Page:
Conferences, Workshops, and Meetings


Analysis of Functional Neuroimages (AFNI) Training Workshop
The NIMH Scientific and Statistical Computing Core has developed a 40-hour course on how to design and analyze functional magnetic resonance imaging (fMRI) data. This course is taught in a five-day hands-on "boot camp." In fiscal year 2017, the AFNI course was taught twice at the NIH with over 200 students in attendance. All materials for this continually evolving course (software, sample data, scripts, and PDF slides) are freely available on the website The course material includes several sample datasets that are used to illustrate and walk the participants through the entire process of analyzing the data, starting with image output by MRI scanners, and continuing through to the collective statistical analysis of groups of subjects.

NIH Participants: NIMH, NICHD


Annual Dissemination and Implementation Science Conference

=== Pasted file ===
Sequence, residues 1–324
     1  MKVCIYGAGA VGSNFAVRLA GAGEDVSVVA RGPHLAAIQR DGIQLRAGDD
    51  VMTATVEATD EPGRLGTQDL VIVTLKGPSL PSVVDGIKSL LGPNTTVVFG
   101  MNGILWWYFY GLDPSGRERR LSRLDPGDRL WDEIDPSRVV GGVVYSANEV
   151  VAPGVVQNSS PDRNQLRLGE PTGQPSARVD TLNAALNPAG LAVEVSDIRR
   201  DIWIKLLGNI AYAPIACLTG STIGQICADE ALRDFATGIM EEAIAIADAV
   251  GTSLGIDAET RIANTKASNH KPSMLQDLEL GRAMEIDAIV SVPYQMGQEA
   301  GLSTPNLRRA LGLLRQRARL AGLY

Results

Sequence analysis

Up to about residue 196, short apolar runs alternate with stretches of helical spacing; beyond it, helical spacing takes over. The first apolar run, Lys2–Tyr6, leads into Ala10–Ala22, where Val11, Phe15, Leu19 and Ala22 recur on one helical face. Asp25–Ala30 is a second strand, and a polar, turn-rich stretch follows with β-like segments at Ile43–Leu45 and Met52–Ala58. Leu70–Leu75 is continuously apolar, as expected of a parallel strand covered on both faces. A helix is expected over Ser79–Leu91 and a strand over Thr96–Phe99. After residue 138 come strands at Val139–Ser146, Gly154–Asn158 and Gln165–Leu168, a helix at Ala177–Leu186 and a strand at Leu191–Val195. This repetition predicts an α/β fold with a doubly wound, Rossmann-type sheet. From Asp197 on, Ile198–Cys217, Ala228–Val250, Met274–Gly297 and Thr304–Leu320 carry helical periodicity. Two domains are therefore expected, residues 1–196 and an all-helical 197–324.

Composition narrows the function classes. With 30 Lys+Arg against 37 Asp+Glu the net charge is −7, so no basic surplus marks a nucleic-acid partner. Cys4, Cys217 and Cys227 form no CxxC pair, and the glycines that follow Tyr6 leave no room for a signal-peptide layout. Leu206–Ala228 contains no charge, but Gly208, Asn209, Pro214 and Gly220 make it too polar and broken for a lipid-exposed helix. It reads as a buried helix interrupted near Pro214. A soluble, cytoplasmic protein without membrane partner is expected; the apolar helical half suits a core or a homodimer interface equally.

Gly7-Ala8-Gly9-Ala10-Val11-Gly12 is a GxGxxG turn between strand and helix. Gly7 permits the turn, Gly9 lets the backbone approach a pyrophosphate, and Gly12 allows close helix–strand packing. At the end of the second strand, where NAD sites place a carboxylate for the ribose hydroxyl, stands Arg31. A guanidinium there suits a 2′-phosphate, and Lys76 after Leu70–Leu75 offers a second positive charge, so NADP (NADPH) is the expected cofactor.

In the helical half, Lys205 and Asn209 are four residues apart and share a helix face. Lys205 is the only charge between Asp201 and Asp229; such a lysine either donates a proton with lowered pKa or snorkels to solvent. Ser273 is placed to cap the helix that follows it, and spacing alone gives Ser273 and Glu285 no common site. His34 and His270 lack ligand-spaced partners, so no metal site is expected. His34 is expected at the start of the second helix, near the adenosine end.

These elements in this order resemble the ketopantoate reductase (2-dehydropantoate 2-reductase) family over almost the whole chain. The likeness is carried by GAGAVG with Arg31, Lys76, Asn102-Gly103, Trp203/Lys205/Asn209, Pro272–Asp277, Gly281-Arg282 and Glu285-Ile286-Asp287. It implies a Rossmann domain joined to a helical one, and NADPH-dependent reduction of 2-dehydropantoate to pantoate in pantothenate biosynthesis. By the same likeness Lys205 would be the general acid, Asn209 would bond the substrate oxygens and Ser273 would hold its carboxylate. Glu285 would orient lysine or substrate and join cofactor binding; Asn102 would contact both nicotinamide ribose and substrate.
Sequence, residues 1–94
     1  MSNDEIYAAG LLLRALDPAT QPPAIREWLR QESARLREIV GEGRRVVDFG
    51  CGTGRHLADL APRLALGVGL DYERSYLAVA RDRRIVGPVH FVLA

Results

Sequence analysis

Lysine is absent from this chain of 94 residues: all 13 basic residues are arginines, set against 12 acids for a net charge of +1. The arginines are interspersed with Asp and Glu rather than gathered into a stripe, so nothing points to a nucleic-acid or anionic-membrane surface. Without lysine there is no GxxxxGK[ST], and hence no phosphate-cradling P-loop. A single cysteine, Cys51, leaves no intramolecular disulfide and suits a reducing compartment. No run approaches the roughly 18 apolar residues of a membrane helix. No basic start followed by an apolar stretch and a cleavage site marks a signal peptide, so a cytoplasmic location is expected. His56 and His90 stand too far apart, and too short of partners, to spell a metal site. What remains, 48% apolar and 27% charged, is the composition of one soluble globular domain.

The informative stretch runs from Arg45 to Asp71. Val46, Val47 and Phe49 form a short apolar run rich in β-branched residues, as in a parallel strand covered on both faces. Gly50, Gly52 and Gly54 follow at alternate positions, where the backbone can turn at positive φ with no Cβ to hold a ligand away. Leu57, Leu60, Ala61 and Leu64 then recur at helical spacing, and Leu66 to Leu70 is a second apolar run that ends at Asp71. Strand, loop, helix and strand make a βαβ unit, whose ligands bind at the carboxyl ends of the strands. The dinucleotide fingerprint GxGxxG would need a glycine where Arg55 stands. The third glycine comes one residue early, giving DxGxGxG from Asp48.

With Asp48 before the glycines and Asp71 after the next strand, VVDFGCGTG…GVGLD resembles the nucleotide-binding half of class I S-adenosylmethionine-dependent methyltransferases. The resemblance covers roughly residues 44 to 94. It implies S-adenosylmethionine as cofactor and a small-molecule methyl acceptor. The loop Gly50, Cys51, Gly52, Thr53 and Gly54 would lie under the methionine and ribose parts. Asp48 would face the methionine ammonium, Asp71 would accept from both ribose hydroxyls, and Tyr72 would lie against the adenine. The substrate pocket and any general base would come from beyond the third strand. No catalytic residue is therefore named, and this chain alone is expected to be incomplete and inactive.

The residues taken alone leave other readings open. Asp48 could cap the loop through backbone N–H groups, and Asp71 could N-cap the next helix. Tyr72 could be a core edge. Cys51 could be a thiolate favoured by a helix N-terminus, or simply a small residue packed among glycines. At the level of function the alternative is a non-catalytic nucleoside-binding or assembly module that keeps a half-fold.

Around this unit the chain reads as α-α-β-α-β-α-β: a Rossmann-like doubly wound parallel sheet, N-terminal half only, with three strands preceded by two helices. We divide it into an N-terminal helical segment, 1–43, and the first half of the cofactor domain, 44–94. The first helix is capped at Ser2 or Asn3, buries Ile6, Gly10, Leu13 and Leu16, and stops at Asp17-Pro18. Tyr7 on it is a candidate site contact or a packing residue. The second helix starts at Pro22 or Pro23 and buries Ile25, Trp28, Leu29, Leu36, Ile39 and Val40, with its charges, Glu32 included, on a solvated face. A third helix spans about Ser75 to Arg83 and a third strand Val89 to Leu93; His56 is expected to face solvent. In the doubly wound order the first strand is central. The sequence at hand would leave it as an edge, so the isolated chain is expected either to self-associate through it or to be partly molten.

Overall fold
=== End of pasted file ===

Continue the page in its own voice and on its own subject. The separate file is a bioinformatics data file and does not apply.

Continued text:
The Annual Conference on the Science of Dissemination and Implementation is a forum for discussing the science of dissemination and implementation and aims to grow the research base by bridging the gap between evidence, practice, and policy in health and medicine. Researchers, evaluators and implementers who are interested in identifying opportunities, challenges, and strategies for disseminating the findings and implementation of research to key stakeholders are encouraged to attend. Discuss, debate, and explore in-depth approaches to advance dissemination and implementation science.



Assay Guidance Manual Workshop